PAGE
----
Katharine Hepburn and Colin Clive In Fine Production at University Also "The Mind Reader"

Idly reading a few contemporary comments on "Christopher Strong," it appears that the stylish thing today among cities is criticizing Katharine Hepburn, a sharp contrast from the wild panegyrics that greeted her in "Bill of Divorcement." Not having hailed her as a "greater than Garbo" in the first place, however, I feel free to repeat my first impression that she is a refreshing and unusual type, entertaining to see and vigorous in her style. This is not to say that she is a great actress. It seems quite possible that she may reach greater success as a featured player taking character roles than as a star.

"Christopher Strong," at the University, is interesting as a chance for Miss Hepburn to develop her talents. The story is elemental but-highly realistic. An ingenious promoter of the current society game "treasure hunt," stipulates that the prize shall be given the person first producing a young woman who has never had an affair an a married man who has never been unfaithful to his wife and never wanted to be. Colin Clive is the faithful husband and Miss Hepburn is the woman. It is not surprising that they should be attracted to one another and develop an acquaintance. When this acquaintance begins an irresistible progress toward a more vital relationship it sets the scene for a struggle between will and emotion. The striking feature of this struggle in "Christopher Strong," is that it occurs in the minds of two individuals of high intellectual and moral calibre. Temptation, in the motion pictures, is usually depicted as assailing victims whose week resistance is foreordained.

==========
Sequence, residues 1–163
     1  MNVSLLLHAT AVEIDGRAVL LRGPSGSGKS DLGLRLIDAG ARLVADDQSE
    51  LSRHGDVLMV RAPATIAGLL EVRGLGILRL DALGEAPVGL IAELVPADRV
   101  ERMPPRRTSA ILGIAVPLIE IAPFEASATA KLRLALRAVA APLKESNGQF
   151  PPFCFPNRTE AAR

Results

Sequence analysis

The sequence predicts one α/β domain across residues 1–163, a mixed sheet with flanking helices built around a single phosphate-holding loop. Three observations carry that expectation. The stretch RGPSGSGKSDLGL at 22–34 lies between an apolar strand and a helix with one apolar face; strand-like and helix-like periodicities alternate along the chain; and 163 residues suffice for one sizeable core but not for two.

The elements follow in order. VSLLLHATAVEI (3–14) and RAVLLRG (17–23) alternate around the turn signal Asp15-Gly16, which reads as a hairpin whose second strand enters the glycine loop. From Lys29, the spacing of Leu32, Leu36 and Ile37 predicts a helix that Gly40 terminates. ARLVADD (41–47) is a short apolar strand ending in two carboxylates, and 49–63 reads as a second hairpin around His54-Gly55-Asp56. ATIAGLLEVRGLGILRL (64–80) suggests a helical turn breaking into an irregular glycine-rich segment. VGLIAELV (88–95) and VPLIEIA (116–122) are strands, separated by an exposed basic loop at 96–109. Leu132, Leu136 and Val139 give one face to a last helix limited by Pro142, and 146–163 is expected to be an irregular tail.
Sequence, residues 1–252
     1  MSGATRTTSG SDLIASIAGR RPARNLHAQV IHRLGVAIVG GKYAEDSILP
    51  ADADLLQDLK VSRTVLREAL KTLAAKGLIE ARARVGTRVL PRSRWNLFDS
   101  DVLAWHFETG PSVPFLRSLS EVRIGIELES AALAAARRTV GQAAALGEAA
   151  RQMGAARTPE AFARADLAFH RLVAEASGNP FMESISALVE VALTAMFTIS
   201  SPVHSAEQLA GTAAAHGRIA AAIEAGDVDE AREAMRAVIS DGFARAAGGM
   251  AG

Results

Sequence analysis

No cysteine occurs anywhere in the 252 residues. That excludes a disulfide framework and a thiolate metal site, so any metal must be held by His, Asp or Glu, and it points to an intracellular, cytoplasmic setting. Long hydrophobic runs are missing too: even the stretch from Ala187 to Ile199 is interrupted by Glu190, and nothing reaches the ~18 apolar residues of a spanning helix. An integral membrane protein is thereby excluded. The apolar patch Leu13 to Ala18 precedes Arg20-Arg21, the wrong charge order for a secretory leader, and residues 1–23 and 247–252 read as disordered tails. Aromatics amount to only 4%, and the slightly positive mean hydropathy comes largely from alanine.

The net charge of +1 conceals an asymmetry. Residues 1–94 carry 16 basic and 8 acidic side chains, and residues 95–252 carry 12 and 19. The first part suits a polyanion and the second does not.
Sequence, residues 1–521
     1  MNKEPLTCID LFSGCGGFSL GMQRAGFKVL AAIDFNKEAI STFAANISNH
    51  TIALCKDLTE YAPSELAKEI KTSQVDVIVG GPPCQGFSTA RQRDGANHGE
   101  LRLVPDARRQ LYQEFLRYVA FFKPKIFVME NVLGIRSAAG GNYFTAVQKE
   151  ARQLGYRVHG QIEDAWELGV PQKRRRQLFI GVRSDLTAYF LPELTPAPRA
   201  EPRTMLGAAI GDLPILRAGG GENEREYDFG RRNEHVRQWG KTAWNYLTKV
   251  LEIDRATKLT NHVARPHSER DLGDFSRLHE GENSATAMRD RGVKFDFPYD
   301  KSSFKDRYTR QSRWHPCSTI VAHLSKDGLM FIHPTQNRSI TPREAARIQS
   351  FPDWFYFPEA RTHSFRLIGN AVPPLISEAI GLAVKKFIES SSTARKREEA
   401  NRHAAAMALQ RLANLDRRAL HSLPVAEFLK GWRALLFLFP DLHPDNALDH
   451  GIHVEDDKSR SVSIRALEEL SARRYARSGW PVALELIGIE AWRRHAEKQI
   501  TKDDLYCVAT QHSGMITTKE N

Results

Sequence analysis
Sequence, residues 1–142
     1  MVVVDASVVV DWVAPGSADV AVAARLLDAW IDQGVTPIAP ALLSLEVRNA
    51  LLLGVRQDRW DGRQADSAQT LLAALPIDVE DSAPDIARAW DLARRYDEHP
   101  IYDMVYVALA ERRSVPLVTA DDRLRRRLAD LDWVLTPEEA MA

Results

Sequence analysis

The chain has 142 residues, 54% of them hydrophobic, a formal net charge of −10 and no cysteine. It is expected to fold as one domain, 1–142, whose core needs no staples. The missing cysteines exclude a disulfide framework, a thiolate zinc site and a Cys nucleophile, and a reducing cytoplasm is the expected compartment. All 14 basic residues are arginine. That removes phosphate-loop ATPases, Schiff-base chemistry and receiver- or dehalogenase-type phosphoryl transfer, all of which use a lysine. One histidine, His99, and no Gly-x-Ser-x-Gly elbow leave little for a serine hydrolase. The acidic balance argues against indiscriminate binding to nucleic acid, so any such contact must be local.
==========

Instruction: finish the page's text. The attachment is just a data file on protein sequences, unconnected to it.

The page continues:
Both the performance of Colin Clive and Miss Hepburn are tremendously sincere. Each maintains the high standard of emotional continuity demanded by the plot to a finish which though unfortunately crude in form in none the less powerful. Because it deals with a type of character usually avoided by the movies and because the author has attempted realism instead of melodramas, "Christopher Strong" may not provoke the popularity of a more blatant production. Katharine Hepburn, nevertheless, remains a starting and brilliant figure. With the aid of Colin Clive she succeeds in making "Christopher Strong" a fine piece of work.

Warren William also appears in "The Mind Reader" and Freshmen may recognized Johnny Green, who took part in the Jubilee festivities in "Song Shopping," a musical cartoon.